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  • Jill Kopecky

READY FOR THE WEATHER

For anyone who has been at an outdoor music festival you know that sometimes the weather can be perfect, but it can also turn ugly. Preparing in advance for any weather contingency when planning an outdoor event is essential to protecting your event, guests and crew.

1. Start planning early.

You need to start planning for severe-weather safety weeks or even months in advance. Go over different scenarios for different types of weather events, deciding when to send guests home as opposed to sending them to predetermined locations.

2. Research, research, research.

Even with careful planning for winds and rain, make sure you know about other potential problems that are specific to the venue, area, or even to that time of year. Do you have to worry about tornadoes, hurricanes or flash floods? Depending on where your event is and the time of year, you need to be ready for anything.

3. Watch weather forecasts.

Watching the local news channel isn’t enough for an outdoor event; the planning needs to be more specific. Rely on resources like the local National Weather Service forecast office, the Storm Prediction Center and the National Hurricane Center or hire a private company that can provide up-to-date weather information. Private forecasts pinpoint your exact location and take into consideration the surrounding topography, in addition to hour-by-hour updates and a meteorologist that can answer questions 24 hours a day.

4. Decide on decision makers.

While in the early stages of the planning process, designate key people to make decisions in the event of a weather emergency. The group should include law enforcement, security, medical staff, the public relations team, the event announcer and front-office personnel. The announcer and front-officer staff can communicate updates to guests. Also choose a sole decision maker if the weather comes in quickly and there isn’t time for a discussion or a vote.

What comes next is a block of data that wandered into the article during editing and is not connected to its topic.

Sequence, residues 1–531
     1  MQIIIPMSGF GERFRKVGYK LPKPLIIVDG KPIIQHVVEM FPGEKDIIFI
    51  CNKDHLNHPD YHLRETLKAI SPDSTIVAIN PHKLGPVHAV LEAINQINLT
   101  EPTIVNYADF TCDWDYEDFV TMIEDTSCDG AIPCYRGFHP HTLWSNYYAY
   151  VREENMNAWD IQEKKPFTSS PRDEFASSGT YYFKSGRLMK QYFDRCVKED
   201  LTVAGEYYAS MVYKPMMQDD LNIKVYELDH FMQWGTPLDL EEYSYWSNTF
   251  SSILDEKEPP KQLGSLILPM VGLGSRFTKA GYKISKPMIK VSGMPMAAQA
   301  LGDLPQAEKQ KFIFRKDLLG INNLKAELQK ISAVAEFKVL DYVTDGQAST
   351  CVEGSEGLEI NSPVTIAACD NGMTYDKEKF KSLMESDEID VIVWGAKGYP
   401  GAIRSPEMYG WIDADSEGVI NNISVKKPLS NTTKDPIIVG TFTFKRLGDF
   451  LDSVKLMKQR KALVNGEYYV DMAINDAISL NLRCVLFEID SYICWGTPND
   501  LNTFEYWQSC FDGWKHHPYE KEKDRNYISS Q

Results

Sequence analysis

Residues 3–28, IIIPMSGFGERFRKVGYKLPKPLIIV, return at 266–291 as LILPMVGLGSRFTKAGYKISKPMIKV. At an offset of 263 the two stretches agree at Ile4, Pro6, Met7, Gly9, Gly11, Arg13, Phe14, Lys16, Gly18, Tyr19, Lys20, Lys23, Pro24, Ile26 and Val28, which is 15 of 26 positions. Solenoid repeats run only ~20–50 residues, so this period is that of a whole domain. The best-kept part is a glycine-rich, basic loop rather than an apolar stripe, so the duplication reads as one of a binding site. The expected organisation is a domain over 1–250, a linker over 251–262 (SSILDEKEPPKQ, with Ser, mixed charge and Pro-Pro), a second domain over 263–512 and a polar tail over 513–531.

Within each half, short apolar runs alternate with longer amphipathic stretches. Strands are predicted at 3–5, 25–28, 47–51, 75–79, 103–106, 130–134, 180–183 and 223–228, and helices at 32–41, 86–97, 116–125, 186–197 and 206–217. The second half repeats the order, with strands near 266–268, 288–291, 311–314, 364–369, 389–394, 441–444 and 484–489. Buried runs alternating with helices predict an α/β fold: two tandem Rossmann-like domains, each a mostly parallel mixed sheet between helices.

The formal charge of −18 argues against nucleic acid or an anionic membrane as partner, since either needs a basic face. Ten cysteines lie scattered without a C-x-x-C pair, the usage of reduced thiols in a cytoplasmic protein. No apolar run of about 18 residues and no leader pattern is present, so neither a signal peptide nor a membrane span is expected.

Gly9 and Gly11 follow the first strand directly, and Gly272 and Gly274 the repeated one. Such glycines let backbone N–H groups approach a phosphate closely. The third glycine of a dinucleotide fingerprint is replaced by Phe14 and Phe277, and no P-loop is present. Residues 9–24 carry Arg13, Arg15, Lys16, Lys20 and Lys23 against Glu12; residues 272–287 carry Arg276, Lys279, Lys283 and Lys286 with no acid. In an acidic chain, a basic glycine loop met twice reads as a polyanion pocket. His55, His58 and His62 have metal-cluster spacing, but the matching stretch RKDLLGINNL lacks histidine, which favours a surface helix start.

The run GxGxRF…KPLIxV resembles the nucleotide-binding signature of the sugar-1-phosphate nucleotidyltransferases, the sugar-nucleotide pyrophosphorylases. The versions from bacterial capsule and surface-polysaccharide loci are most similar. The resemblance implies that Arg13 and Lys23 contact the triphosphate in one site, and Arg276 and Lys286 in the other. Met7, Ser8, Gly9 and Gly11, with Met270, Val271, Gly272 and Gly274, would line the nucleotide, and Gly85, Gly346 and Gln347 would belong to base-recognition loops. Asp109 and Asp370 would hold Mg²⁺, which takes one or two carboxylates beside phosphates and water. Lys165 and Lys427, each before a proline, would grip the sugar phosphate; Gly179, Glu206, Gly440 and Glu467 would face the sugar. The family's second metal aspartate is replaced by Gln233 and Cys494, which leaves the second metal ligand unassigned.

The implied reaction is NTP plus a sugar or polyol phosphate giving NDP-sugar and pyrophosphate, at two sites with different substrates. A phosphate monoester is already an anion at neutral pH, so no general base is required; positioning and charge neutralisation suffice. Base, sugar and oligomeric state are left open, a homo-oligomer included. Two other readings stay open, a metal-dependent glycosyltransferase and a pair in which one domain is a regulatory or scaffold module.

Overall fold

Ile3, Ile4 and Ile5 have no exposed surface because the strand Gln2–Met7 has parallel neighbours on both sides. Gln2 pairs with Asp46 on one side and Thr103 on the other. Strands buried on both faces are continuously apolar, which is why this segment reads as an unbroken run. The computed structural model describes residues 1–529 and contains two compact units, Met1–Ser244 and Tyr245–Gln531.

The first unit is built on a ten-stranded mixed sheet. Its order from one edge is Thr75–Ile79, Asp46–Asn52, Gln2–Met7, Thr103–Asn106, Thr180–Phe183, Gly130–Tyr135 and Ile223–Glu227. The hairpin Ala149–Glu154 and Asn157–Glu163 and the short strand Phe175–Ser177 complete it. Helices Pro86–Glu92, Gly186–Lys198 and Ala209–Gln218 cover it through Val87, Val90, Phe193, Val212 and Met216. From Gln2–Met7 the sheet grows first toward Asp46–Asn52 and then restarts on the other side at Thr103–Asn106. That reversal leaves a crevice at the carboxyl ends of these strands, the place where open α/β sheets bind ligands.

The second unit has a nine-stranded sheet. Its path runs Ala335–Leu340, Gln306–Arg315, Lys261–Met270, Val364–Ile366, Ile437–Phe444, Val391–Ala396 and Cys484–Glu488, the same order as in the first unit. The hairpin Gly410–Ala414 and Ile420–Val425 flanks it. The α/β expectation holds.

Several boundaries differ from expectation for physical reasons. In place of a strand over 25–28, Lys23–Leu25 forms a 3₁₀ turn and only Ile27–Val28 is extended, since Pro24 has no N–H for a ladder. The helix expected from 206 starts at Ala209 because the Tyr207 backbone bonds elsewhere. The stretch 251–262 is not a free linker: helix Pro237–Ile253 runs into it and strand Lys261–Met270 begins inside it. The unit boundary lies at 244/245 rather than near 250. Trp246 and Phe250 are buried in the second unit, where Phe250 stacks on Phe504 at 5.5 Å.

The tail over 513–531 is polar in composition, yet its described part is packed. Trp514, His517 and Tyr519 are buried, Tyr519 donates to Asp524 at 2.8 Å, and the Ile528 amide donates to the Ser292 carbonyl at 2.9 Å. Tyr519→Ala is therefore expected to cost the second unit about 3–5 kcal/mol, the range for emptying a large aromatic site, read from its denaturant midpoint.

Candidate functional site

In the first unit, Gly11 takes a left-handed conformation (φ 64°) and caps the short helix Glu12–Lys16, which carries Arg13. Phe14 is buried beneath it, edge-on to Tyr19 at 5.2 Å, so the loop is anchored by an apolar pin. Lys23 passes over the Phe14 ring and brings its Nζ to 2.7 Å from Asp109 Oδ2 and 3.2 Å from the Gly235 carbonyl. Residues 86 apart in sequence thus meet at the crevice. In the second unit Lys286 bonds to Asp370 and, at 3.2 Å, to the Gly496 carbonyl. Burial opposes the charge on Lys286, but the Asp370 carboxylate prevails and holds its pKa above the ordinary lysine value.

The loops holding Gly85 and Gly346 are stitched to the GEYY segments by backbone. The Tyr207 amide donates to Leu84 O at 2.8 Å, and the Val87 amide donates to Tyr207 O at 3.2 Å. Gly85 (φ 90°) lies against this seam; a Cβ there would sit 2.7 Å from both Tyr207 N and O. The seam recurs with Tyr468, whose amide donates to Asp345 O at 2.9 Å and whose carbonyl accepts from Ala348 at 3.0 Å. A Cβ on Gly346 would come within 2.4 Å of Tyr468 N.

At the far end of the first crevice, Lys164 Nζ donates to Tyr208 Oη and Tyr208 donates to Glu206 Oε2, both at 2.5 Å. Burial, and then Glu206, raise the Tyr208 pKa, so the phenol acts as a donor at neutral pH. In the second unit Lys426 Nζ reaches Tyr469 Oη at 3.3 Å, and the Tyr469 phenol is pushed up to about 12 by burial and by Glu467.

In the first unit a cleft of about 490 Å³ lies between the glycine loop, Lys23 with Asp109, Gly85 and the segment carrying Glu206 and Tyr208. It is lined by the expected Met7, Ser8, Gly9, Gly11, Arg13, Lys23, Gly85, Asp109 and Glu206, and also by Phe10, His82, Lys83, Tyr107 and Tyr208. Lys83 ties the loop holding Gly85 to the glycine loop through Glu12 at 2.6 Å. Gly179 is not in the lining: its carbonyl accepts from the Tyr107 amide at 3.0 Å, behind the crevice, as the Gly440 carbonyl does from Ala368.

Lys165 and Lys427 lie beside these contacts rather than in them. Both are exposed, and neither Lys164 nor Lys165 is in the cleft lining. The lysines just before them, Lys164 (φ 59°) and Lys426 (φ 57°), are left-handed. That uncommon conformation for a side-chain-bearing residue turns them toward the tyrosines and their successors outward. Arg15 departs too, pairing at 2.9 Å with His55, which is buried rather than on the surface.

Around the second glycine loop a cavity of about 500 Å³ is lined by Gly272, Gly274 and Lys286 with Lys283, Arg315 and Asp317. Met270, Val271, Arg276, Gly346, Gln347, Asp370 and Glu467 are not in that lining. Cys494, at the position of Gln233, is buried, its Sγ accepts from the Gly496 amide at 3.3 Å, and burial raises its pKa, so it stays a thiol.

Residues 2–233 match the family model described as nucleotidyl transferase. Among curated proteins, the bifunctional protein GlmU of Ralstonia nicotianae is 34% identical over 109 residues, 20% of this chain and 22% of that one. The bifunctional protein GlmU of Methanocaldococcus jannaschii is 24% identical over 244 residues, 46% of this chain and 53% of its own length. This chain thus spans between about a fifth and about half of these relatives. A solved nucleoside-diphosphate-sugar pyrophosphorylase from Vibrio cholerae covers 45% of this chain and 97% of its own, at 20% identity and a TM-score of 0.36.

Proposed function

5. Create a communication plan.

Have a written plan that defines potential weather-related trigger points like high winds and what the response will be. Make certain that all event employees have read and understood the plan and their individual responsibilities. Make certain you know what to do with regards to power, light, mobile service, radios, etc.

6. Keep weather in mind when picking a venue.

When picking a site, keep an eye toward operations during a worst-case scenario. Will it be easy to evacuate your guests quickly and safely? How long will it take for emergency services to arrive? Are there large trees and utility lines that could be a problem? What permanent structures are there for shelter? Look at the layout and identify egress points, placing seating and structures away from exit routes and areas affected by high winds.

7. Provide adequate cover and cooling.

Outdoor events need to make certain that guests have areas where they can get out of the sun and cool down. Both guests and staff need to make sure that they have plenty of cover, sunscreen and water because dehydration can occur easily in the right conditions.

8. Make sure tents and structures are secure.

With extreme weather, tents and other temporary structures can be a significant threat. Make certain the tents are installed properly and securing hard-paneled walls at the bottom, top and sides of the tents will help to minimize the shaking caused by winds.




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